What does a small-scale farm-holding, two presidents, some tech companies and their respective local currencies all have in common? Well, the answer might be obvious if you have been paying attention to the so-called trade war between China and the US in the news lately. But why is it of concern and what are the far-reaching implications for the rest of the world?

Well, active involvement in international trade is a vital sign of a country’s financial health and a significant input to its Gross Domestic Product (GDP), which measures the value of all goods and services produced in a country from raw materials (input costs), to value added (assembly and skilled labour costs) to come up with final goods or services. And though “domestic” implies that this refers to a country’s internal economy as a whole, the contributions can be extended in especially from a services perspective when the country places emphasis on or relies on income from Foreign Direct Investment (FDI) to help boost its economy via its GNP – similar measurement but slightly different from GDP.

Fact is, all goods and services – and the input costs associated – derive from and are determined by the price or costs starting with that of the initial extraction/acquiring of raw materials. These then undergo the production and assembling process leading to the product or service of intrinsic value for both local and international (via exports) consumption.

An ideal situation for a country is to export more then it imports to maintain a positive balance of trade – so basically more money flowing in than out. The extra surplus can be ploughed into the economy via the fiscal budget and can supplement a shortage of funds raised from domestic taxes. The opposite, which isn’t always a bad thing, (called a trade deficit) would have to be managed and nursed like any other loan – but kept low compared to GDP.

The US has often criticized Germany for exporting a lot (of its cars, trains and machinery) and not importing much and thus not being ‘fair’ in trade practice. But trade itself, arises from market forces, priorities and consumer demand – everyone loves a BMW, Audi and Mercedes Benz so these German-made products will always be in demand compared to US car makes. Who you chose to trade with will often give rise to favourable balance of trade if you are engaged in a trade agreement or part of a trading bloc.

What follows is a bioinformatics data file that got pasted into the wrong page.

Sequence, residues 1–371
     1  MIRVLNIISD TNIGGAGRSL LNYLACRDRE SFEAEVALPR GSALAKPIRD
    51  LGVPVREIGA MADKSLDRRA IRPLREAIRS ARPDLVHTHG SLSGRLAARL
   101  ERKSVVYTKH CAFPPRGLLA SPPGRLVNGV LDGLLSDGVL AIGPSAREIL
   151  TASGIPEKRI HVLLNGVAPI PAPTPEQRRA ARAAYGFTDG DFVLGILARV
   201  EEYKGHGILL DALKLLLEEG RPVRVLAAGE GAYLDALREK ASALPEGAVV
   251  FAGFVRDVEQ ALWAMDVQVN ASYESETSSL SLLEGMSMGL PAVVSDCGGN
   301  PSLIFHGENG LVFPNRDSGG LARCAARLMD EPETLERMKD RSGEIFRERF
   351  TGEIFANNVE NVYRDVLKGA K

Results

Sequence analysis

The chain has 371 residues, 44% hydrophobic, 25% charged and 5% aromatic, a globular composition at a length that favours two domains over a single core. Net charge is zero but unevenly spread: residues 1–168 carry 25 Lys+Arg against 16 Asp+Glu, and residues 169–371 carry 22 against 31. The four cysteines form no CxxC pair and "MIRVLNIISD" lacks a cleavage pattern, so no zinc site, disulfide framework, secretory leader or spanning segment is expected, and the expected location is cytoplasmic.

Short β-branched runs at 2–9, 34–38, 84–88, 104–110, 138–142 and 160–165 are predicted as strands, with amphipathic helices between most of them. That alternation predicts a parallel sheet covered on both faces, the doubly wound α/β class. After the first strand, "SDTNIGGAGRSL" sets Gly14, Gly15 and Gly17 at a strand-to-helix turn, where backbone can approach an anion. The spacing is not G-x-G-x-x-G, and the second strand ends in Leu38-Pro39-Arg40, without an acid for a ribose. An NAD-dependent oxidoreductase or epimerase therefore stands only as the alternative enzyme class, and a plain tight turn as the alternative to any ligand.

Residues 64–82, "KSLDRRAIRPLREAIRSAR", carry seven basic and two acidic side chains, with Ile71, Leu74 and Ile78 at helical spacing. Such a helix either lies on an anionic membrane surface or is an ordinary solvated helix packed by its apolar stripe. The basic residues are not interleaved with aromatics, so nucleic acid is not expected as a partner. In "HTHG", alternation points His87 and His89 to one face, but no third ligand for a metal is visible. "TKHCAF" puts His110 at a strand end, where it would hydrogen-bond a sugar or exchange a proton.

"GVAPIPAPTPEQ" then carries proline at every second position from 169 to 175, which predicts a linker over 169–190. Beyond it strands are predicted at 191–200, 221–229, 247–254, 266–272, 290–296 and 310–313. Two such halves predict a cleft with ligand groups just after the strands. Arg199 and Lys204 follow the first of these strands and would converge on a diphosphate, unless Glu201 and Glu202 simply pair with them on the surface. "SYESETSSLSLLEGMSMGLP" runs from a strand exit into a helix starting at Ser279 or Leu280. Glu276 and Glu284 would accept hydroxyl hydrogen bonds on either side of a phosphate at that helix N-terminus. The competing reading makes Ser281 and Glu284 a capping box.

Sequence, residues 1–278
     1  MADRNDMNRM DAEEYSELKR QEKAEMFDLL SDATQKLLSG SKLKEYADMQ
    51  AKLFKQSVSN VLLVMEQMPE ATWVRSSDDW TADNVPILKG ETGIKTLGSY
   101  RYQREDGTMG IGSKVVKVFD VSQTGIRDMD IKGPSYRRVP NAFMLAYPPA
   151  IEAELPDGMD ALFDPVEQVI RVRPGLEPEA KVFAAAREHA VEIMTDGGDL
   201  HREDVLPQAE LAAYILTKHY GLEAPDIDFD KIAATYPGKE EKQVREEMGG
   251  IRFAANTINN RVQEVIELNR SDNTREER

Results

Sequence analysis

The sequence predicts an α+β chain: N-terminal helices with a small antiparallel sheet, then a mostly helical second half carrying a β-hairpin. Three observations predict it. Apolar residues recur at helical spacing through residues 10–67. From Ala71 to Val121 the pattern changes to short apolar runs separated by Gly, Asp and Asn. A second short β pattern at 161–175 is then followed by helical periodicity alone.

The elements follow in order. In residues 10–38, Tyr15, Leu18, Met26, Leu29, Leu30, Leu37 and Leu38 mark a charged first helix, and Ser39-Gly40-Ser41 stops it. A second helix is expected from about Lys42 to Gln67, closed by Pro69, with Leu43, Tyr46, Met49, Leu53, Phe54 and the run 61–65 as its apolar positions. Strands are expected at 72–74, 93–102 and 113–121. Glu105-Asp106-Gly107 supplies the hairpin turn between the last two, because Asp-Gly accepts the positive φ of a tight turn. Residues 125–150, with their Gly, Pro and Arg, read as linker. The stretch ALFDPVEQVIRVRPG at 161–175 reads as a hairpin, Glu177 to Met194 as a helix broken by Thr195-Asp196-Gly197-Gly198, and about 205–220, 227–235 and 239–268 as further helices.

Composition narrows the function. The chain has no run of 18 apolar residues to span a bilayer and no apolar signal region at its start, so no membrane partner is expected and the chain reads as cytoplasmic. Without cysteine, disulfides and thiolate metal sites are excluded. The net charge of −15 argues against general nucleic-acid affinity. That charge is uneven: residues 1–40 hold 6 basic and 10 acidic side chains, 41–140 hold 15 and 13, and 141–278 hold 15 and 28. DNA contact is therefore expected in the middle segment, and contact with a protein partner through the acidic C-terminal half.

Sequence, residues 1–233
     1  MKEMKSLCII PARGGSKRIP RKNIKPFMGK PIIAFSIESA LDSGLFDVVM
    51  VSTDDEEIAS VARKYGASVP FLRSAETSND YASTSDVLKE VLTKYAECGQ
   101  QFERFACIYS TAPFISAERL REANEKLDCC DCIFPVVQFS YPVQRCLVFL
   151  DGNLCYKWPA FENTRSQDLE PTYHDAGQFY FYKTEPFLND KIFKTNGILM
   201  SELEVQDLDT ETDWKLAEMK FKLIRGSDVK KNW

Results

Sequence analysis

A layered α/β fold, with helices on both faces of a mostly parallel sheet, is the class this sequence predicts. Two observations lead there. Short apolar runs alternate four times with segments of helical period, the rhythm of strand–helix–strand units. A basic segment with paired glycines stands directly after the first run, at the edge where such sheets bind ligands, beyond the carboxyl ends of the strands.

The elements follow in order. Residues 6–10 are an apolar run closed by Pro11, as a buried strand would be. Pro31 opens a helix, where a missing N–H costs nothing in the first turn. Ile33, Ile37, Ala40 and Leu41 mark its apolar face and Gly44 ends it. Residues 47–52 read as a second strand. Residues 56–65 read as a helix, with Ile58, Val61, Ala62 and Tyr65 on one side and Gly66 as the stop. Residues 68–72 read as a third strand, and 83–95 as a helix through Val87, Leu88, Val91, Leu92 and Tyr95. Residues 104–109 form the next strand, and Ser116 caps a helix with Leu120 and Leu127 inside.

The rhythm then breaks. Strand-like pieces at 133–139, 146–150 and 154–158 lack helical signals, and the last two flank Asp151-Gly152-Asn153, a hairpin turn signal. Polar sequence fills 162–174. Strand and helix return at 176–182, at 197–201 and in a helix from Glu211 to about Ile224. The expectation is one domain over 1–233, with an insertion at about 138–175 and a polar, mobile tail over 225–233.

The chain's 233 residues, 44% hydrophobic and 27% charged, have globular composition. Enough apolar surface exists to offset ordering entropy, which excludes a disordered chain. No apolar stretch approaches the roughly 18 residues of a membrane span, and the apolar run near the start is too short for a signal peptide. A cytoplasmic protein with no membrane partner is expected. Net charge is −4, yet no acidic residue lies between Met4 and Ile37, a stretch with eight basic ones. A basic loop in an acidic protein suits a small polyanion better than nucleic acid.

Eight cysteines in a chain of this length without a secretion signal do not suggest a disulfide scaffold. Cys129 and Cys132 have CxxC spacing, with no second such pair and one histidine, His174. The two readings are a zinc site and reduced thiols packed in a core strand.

Why this is also a big deal is because the demand for a country’s goods and service will directly impact the strength of its local currency – more trade means more of your currency is required to pay for goods and thus the value of the Dollar, Euro, Yen or Naira etc., goes up. A strong local currency leads to stronger purchasing power for its citizens and residents when they want to plan things like holidays, purchase goods online, invest or just send cash abroad as gifts. So, you can see why a strong Dollar or Euro is always favoured and why sometimes drastic measures are taken to keep it that way.

“A higher demand for a country’s goods and services has a direct positive impact on its currency and exchange rate”

A quick glimpse of the world in terms of the input costs for goods and services that gives countries a competitive edge when it comes to trade, sees the US with intellectual property, services, weaponry; Germany with its steel and engineering machinery giving rise to high performing automobiles; many African countries with their mineral and resources such as oil, tobacco cocoa; Israel with military intelligence, South America with agricultural produce; India with IT and customer services; China with agriculture, building/(manual) labour and of late technology.

Country Trades

The said technology that China (no.2 on the list) offers the rest of the world is the subject of hot debate: The alleged theft of US intellectual property for tech gadgets and software by China, is one of several unfair trade practises and motives for why the US (no.1 on the list) recently decided to start imposing heavier (punitive) tax-like increases on multiple goods imported by China. These extra costs, referred to in trade terms as import tariffs, have a spill-over effect on the costs of production. China then reciprocated by hitting the US with tariffs (mainly on agriculture produce) causing the trade war that drives each country to protect its own economy or just show its economic muscle as we can see as the top two trading nations head for a showdown on the trade sphere.

The higher input costs naturally, lead to the price of the product going up and reducing its competitive advantage and demand. Higher input costs can also affect the local labour force for the worse too. Factories, multinational corporations and industries such as farms (both commercial and subsistence) – like the small-holding farm mentionedwill have to cut the cost of labour and in worse cases which we have seen, lay-off workers if they are to keep making a profit or let alone, break even.

These factors would have hopefully been taken into consideration before pulling the tariff triggers and acting with emotions rather than looking at the far-reaching implications not only locally but to other recipients of the goods and services.

Have the talks of the trade war impacted productivity and the global trade economy? So far its just the stock markets (securities and commodities) reacting. Only time will tell.

The ramifications will also depend on the price elasticity of demand of the commodities under the tariffs: that is, how markets and respective industries affected react to the sentiment versus the actual economic activity they engage in.


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